Waymon Hudson

Churches Refuse to Marry Straight People

Filed By Waymon Hudson | November 21, 2007 11:08 AM | comments

Filed in: Living, Marriage Equality
Tags: gay marriage, religion

Photo Sharing and Video Hosting at PhotobucketA group of local churches in the Minneapolis/St.Paul area have begun to refuse to marry heterosexual couples in protest of the ban on same-sex marriage. The churches will still hold ceremonies and blessings for both straight and gay couples, but not sign the marriage certificates of the straight couples. Instead, the straight couples will have to seek out a judge to make the nuptials legal.

Thank God (literally) that some churches are standing up for our community and what’s right. "Seventy-five dollars for a judge and 30 minutes plus parking is such a small inconvenience compared to what same-sex couples experience," explains one minister.

The idea that churches should have no real involvement in civil marriages is long overdue. Our country’s idea of marriage is completely too intertwined with religion, which is why we have fallen behind other countries in the world when it comes to marriage equality. Spain, one of the most Catholic countries in the world, allows same sex marriage because they are able to separate the religious aspect from the civil contract, something our society is unwilling or unable to do.

The separation of religious blessing and civil marriage can only help all involved. It allows the government to grant the rights that go along with civil marriage to all and allows churches the freedom to choose whom they bless without interference.

As Anita Hill, a pastor at Saint Paul-Reformation Church, says, "We're not in the wedding business; we're in the blessing business."


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Seriously, why isn't anyone else bothered that American clergy are able to perform legal functions for others? They aren't lawyers, judges, civil servants, or politicians. They really shouldn't be in a position of legal power over others.

Or can anyone sign one of those licenses? Can I just have a friend sign it? Maybe I should learn more about this....

Actually, anyone can marry people. It's ridiculously easy. You can go online, get "ordained" in a few seconds, and start performing marriages.

An ironic story: my partner (whom I can't marry) went online and got ordained and he then officiated my sisters wedding. He was “holy” enough to marry them legally, but not get married himself. Somehow he was fit to judge if they should be married to each other, but not if he should be married himself. Yes, the "sacred" institution of marriage is protected once again...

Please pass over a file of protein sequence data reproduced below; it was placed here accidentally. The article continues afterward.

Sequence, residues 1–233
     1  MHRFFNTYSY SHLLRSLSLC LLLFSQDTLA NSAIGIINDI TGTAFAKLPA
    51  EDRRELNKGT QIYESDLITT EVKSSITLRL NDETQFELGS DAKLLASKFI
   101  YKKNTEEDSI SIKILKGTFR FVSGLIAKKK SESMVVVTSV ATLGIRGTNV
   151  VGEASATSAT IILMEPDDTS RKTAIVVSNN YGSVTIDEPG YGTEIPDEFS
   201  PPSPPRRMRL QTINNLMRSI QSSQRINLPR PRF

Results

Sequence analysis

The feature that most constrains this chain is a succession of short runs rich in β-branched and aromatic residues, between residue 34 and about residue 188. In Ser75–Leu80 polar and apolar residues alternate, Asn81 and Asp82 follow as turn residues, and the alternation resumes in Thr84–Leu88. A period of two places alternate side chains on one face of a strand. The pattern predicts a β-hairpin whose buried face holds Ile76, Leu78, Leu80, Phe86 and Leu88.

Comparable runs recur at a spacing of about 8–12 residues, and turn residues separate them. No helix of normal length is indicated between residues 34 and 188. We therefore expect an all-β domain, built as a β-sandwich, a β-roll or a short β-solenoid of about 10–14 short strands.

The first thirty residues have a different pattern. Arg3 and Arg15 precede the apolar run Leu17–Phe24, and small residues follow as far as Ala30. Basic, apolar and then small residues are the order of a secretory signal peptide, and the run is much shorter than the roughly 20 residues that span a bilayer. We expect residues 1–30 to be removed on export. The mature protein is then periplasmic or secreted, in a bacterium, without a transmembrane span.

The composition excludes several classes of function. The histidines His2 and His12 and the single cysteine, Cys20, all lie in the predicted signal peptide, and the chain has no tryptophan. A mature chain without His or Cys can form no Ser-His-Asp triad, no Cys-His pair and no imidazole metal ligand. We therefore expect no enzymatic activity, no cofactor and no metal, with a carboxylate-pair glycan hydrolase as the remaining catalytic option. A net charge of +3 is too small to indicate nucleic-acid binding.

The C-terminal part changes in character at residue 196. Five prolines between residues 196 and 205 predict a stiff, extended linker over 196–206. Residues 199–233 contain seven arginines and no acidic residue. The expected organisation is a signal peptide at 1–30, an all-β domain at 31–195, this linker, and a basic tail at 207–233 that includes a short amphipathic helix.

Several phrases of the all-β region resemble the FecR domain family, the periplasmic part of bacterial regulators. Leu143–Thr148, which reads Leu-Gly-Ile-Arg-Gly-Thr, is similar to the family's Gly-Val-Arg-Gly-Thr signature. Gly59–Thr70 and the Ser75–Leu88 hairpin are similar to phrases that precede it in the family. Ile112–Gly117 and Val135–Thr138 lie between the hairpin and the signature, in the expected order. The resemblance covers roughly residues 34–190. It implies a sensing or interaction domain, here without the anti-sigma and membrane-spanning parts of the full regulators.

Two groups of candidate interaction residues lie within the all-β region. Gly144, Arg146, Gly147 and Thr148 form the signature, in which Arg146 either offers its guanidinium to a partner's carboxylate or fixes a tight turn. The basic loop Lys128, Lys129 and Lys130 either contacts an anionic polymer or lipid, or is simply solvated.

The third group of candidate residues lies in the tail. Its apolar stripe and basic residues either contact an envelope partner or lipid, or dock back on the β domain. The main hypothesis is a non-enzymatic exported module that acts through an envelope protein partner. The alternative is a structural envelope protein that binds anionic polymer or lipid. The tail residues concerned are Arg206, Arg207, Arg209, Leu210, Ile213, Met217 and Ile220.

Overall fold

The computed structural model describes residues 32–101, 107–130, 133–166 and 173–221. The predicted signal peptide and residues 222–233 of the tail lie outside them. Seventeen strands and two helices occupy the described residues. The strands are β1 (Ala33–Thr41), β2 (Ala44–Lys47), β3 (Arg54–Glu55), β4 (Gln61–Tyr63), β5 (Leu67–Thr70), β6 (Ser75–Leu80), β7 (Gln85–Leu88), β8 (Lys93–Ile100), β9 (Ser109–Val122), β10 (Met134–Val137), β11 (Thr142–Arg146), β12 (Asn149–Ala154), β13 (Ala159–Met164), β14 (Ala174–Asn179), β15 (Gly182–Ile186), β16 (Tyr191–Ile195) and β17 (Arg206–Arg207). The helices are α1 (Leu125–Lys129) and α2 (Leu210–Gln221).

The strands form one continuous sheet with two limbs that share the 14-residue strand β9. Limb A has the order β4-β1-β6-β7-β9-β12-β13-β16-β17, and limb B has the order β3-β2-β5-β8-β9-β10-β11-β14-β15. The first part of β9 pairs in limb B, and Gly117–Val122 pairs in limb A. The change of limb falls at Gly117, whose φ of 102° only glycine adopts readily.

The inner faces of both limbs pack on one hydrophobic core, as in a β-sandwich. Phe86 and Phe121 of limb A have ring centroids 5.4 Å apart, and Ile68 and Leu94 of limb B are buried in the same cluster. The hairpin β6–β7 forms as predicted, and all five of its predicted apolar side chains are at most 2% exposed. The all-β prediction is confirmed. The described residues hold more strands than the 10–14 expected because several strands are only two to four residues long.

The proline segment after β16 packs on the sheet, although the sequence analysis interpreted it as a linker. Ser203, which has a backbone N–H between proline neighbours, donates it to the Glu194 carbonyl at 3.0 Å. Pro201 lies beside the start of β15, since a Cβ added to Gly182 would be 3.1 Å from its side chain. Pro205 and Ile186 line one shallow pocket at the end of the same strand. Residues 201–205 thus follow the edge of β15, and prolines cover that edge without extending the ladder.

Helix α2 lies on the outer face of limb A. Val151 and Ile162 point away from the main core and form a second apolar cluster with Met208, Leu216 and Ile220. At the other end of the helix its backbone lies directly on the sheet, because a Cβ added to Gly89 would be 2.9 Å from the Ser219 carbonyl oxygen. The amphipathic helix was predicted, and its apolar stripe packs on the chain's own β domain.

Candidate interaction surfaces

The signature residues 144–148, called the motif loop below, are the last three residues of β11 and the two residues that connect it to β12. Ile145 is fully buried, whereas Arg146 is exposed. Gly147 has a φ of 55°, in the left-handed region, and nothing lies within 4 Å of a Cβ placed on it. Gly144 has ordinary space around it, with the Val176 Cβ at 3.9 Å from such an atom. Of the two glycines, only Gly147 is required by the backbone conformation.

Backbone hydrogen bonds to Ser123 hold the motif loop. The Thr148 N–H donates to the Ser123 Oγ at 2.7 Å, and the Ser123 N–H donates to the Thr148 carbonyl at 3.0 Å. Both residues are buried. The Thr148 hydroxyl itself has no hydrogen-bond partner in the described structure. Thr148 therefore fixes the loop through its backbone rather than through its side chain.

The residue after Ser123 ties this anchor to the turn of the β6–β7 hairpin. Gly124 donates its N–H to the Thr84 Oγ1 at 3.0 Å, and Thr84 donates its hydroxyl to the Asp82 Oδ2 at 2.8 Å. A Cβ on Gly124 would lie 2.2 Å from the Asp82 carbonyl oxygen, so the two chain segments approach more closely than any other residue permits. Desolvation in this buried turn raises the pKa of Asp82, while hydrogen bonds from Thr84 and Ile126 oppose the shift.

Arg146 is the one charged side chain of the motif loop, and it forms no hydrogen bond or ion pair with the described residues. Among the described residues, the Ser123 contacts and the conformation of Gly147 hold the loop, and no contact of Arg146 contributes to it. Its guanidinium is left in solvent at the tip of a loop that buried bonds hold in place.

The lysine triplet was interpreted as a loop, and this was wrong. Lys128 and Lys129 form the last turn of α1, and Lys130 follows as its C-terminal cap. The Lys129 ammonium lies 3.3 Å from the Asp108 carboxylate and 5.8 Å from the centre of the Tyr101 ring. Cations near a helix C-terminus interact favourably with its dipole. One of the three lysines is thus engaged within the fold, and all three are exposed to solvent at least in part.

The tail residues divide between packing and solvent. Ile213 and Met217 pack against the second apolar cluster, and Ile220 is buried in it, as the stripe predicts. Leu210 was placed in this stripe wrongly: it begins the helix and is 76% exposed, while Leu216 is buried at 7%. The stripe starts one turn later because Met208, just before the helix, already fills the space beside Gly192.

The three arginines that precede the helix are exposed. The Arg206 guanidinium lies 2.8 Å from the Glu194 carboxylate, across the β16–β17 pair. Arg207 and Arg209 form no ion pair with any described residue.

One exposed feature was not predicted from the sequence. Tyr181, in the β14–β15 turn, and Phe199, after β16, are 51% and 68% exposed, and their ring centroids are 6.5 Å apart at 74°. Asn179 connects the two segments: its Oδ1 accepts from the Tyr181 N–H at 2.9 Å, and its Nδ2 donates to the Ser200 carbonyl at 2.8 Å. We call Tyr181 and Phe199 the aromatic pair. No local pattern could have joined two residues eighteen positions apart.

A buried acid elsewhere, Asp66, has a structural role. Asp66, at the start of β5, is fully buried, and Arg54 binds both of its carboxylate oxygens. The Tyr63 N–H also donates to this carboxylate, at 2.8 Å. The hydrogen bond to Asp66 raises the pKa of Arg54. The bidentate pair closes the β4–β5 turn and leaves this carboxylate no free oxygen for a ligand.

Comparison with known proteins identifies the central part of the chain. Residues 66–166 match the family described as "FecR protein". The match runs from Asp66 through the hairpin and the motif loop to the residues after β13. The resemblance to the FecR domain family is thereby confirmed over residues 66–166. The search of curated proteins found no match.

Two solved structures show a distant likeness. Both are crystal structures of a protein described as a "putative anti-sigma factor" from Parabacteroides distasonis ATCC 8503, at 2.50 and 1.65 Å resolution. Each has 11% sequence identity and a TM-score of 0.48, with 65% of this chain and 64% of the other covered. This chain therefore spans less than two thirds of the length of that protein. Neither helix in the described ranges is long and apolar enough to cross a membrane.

And I completely agree that churches should not have any legally binding power over people. Marriage carries serious and (most of the time) long-lasting legal consequences. Yet somehow clergy are able to establish this bond? It makes no sense.

These churches in the post have it right. They are in the business of blessing, not weddings.

Yes. Civil Unions for all. No state sanctioned marriages for anyone. Let's completely sever the religious ceremony from the civil ceremony.

I'm actually one of those people that believe the word "marriage" holds power on our society.

I think there should be civil marriages for all and churches should only bestow blessings on them. It might sound like a minor distinction, but the word "marriage" carries with it validity.

But yes, I agree, gradstudent. We should sever the religious from the civil.

I'm with gradstudent too. I've long advocated for civil unions from the government and marriage from a church. There are plenty of churches that'll marry LGBT community members. Some won't, but you can't get married in a Catholic church if you're not Catholic, so what the hell...

As a side note - I'm not sure if I've ever talked about this on the blog... I'm an ordained minister. I can marry people. But I can't get married myself. Hmpf.

Brynn Craffey Brynn Craffey | November 21, 2007 5:42 PM

I'm an ordained minister. I can marry people. But I can't get married myself.

Hmpf indeed!

Same-sex marriage is so clearly a civil rights issue.

Hmpf, indeed. That’s how my partner feels about being able to marry others too, Bil.

I would think churches would love the idea of separating civil marriages and blessings so they won't have to deal with government intrusion into their beliefs.